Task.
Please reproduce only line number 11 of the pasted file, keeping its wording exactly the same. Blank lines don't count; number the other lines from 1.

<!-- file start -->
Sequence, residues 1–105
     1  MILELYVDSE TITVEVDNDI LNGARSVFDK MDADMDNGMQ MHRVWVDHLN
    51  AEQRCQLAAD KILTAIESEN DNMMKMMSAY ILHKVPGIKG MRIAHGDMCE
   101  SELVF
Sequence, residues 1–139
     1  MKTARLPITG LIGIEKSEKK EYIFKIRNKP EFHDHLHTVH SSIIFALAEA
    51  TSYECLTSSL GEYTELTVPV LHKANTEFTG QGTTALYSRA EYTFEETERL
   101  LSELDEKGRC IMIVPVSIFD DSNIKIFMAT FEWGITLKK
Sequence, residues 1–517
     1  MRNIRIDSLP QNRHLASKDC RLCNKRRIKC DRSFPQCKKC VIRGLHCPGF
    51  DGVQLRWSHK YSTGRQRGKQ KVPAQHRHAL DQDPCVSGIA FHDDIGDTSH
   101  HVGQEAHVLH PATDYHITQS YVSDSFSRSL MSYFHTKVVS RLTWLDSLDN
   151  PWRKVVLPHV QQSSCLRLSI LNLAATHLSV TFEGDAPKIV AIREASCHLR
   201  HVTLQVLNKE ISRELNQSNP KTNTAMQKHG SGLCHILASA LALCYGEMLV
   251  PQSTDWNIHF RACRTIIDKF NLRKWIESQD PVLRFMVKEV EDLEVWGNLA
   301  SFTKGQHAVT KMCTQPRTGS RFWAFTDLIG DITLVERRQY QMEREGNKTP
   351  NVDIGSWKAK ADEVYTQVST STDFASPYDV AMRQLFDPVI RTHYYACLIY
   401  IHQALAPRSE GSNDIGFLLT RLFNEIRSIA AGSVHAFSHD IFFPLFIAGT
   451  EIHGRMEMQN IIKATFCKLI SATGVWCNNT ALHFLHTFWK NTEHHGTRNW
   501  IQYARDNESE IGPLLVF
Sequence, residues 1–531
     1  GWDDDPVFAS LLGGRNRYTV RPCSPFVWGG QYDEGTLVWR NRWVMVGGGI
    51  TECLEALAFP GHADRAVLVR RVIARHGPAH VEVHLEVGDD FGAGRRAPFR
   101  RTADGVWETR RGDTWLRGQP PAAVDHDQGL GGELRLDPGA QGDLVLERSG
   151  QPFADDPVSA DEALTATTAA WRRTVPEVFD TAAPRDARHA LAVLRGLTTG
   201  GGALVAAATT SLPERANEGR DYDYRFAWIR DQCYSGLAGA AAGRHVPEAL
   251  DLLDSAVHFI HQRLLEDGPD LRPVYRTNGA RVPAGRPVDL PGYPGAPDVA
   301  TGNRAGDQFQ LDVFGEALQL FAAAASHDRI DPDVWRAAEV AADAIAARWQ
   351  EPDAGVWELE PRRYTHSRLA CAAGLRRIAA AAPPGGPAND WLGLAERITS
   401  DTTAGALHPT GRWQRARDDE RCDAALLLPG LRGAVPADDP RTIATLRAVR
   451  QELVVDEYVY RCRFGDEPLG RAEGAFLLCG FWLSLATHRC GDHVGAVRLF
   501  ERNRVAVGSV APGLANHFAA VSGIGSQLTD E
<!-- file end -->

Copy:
    51  DGVQLRWSHK YSTGRQRGKQ KVPAQHRHAL DQDPCVSGIA FHDDIGDTSH